14. Cooking times for fresh and dried pasta vary according to the size and quality of the pasta. The only way to check is to taste it. However, the basic method of cooking remains the same.
  15. Stir the pasta only once or twice—if you have enough water in the pan and you stir the pasta as it goes in, it shouldn’t stick.
  16. DO NOT COVER the pot or the water will boil over. Quickly bring the pasta back to a rolling boil, stir, and boil until al dente. The pasta should not have a hard centre or be soggy and floppy. If following a specified cooking time, calculate it from the moment the pasta starts to boil again and have a colander ready for draining.
  17. Serve the meatballs over the tagliatelle as soon as it has cooked. Sprinkle with extra Parmesan if desired.

You could reserve some of the cooking water from the pasta to add to the meatball sauce then stir the pasta through the sauce. A word of warning though, pasta waits for no man and is best eaten straight away so make sure your hungry punters are gathered around the table as you’re ready to serve. (This usually isn’t an issue in my house).

I personally leave the pasta plain and let everyone dish up what they would like as I have a house full of fussy eaters. Remember the Cadbury Cream Egg advert, “How do you eat yours?”? Well, that’s what it’s like at meal times. Someone likes theirs all mixed up, another can’t possibly have carbs touching protein and another might faint if there’s no ketchup in the vicinity –regardless of what the meal is. However you choose to serve it though, the flavours are all still there in bucket-loads.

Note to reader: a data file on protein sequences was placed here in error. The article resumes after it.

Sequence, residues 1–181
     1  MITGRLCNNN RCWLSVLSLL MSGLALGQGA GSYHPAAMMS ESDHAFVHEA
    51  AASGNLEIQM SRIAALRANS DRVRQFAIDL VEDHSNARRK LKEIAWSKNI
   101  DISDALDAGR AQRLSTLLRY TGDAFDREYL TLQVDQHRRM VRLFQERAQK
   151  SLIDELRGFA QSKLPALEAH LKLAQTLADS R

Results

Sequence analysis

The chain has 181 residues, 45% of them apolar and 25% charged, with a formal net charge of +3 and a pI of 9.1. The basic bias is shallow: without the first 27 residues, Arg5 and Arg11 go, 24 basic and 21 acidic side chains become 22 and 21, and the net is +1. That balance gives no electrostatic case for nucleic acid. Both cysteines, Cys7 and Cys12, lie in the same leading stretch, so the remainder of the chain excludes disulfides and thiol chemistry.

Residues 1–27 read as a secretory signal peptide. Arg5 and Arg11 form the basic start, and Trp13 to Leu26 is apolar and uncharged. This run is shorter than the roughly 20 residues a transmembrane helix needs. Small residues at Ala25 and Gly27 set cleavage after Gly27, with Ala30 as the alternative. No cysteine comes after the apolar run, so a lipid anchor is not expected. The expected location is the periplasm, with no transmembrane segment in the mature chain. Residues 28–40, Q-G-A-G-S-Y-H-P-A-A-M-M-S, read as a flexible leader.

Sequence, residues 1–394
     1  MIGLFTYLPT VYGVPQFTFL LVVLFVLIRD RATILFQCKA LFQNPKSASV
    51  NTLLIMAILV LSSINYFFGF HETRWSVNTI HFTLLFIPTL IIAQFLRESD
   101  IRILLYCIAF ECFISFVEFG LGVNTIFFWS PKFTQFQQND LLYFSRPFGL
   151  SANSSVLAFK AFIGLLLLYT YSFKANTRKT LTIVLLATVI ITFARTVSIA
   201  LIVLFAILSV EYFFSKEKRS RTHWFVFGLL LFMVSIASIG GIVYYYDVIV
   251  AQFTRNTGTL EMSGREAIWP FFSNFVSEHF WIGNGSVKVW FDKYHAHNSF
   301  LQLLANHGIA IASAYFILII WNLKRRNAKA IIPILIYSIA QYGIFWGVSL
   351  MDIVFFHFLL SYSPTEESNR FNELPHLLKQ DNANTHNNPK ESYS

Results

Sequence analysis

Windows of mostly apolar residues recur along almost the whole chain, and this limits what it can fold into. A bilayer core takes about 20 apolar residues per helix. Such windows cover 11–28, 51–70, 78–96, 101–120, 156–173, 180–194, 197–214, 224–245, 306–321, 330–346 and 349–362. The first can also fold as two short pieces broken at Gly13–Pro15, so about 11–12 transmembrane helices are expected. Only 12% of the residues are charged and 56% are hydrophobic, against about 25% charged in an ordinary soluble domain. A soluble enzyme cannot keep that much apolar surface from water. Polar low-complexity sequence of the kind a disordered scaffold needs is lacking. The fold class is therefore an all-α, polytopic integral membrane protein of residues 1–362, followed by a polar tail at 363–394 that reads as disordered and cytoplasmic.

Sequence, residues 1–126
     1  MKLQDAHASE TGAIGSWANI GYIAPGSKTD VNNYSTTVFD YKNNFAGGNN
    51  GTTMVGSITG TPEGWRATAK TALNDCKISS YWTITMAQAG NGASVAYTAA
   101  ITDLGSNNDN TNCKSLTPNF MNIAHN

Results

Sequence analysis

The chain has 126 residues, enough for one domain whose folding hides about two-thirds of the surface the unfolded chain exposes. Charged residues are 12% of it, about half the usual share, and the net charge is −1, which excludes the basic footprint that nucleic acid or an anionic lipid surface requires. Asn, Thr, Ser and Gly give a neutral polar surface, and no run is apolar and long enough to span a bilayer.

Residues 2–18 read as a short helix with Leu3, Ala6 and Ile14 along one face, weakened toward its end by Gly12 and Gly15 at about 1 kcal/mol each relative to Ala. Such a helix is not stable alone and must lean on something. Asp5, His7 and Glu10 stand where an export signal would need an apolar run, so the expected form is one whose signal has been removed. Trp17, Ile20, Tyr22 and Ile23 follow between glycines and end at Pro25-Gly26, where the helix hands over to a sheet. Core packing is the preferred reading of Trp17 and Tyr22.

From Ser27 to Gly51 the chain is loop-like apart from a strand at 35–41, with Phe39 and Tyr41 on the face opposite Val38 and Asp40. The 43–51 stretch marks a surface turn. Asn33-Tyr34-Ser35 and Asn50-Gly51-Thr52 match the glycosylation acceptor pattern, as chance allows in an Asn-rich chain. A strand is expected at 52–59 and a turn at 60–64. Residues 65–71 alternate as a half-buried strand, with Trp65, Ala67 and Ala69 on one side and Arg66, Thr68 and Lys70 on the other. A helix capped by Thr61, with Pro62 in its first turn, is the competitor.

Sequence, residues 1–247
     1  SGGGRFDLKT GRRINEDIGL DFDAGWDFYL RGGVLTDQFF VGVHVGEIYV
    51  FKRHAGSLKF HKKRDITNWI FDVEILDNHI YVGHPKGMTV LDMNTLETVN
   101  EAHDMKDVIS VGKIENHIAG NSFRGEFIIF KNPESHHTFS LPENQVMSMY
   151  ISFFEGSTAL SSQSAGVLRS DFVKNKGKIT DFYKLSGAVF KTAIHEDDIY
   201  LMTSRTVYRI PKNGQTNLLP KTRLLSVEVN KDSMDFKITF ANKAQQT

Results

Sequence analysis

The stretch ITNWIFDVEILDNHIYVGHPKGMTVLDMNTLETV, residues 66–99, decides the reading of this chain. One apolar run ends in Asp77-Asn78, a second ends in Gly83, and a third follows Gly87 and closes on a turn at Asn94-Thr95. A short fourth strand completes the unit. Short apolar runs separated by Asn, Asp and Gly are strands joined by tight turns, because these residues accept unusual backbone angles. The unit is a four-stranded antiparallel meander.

I highly recommend making your own pasta. The semolina in the dough gives the pasta a luxurious bite and subtle taste that you just don’t get with dried packet stuff and it is also slightly coarser grained so the sauce clings to it really well. If you don’t have time though, dried pasta is absolutely fine and I have nothing against it. You could coat a shoe in those meatballs and it would taste good!